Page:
> Kossow:  So when the explosion routine starts,  it continues
> calculating motion, so
>         the explosion moves?
> 
> Russell: Yes. If you see  two spaceships collide, if you
> watch closely, you will  see
>            that there are two  explosions that continue off
> in the direction that the  two
>            spaceships were going.  There is another number
> in the table for all colliding
>   objects, which is the size. And this is,  roughly
> speaking, proportional to the amount
>     of computing it takes to compute that  object.
> And at the end of the loop, as you go
>     through the main loop, you accumulate the  sizes
> also; and so at the end of the loop,
>       there's fritter away time loop that attempts
> to  keep the frame rate approximately
>           constant. It doesn't do a wonderful job;
> it's visually  adequate, but God help you
>             when you try to take a movie of it.
> 
> Kossow:  One of the  complaints with all modern kids trying
> to play it now is
>   that it's TOO SLOW.
> 
>  Russell: Kids who are used to something like Asteroids seem
> to think  that. But
>            when we do the  demos, we get a number of people
> who seem to be still  quite
>            addicted to it with the  old, slow version. Now,
> that was always a complaint; the
>   reason that all the parameters got  accumulated
> in the first page of the listing, which
>   says you can put that first page of the  listing
> of the console, and anyone who wanted
>     to try a different set of parameters could.  But
> the ones that were compiled in or
>       assembled in were the ones that I thought were
>  good. Now it turns out I'm not a
>           representative arcade game player, and so my
> version of the  parameters is slower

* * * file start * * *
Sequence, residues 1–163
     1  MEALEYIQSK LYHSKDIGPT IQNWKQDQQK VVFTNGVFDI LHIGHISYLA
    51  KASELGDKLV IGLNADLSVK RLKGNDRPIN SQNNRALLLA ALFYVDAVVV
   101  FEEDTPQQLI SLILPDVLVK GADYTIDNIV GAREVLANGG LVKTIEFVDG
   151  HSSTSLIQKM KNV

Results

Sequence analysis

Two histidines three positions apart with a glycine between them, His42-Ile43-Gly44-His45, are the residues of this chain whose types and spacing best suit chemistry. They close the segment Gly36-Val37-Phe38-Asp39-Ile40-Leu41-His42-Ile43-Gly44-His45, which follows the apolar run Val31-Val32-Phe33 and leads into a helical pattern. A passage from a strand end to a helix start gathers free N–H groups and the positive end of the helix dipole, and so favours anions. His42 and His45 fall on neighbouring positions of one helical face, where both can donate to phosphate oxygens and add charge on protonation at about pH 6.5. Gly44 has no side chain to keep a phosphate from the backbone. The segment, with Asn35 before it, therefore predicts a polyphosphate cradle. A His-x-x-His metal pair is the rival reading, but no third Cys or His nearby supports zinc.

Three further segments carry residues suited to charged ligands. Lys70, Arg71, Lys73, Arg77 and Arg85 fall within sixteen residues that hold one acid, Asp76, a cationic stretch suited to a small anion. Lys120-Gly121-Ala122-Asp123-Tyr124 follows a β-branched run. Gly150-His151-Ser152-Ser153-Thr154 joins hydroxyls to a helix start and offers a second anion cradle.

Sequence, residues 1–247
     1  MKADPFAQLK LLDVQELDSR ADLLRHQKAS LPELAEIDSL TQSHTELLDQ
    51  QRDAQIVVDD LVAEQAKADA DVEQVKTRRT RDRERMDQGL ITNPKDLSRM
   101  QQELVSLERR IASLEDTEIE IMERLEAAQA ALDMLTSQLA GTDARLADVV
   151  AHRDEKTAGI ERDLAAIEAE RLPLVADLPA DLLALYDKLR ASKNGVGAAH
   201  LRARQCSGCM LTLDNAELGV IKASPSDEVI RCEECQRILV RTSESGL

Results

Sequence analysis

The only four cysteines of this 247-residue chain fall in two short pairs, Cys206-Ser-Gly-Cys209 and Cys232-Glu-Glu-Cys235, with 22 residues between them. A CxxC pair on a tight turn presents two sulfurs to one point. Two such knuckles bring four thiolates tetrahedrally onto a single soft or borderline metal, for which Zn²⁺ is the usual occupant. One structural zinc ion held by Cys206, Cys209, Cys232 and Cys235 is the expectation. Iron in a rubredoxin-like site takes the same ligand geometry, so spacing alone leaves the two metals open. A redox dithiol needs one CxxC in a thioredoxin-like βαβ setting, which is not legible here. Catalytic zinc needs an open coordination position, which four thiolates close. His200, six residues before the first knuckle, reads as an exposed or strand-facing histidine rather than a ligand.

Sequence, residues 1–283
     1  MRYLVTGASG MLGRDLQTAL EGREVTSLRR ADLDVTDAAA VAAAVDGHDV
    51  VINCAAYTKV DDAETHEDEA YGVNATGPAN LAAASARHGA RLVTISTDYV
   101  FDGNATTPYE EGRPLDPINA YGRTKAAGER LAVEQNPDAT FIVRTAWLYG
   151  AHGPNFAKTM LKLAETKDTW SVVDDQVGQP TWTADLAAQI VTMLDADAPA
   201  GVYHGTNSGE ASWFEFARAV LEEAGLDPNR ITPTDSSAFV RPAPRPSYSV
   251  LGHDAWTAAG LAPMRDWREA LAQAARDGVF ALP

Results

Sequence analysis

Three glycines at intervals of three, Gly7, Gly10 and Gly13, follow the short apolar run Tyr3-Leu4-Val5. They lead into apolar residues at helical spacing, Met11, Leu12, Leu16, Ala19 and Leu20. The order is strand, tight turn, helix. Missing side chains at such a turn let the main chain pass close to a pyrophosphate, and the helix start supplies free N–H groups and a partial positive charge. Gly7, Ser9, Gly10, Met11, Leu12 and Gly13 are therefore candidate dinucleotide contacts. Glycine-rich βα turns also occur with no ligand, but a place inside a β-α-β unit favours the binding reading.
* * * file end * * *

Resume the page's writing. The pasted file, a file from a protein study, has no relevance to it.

>            and  gives more opportunity for marksmanship than
> the arcade  version.
> 
> Kossow:  Right, that's the whole thing with  gravity and
> doing the, what's that called,
>       where you whip around the sun? Does it have a
>  name, where you whip around the
>           sun and you shoot?
> 
> Russell:  The closest name is  the "CBS maneuver"
> is what happens when two lazy
>     experts fight each other, which is they  both
> turn at right angles to the sun, and fire
>     for 3.5 or 4 seconds, so they're now in
>  stable orbits, and they know it. And then they
>       turn at each other and start trying to place
>  torpedoes where they think the other one
>         is going to be. And so the trails turn into an
> eye  around the sun, and CBS used that
>           as a logo, so it got called the "CBS
> maneuver". You can--   one of the spaceships can
>            go  the other way around the sun, so that both
> ships meet on the same side  of the
>            sun. But that seems  usually to have less chance
> of winning. Not much less,  but
>            somewhat less.
>  
> Kossow:  It's better that you stay on opposite sides,
>  then?
> 
> Russell:  Yes.
> 
> Kossow:  And  then at some point, you added hyperspace?
> 
> Russell:  Yes,  and we realized that that was going-- I
> don't remember whether  we
>            actually had it. I may  have had it for a little
> while with no limit, but it became  very
>            clear that someone who  didn't understand
> could use hyperspace to escape their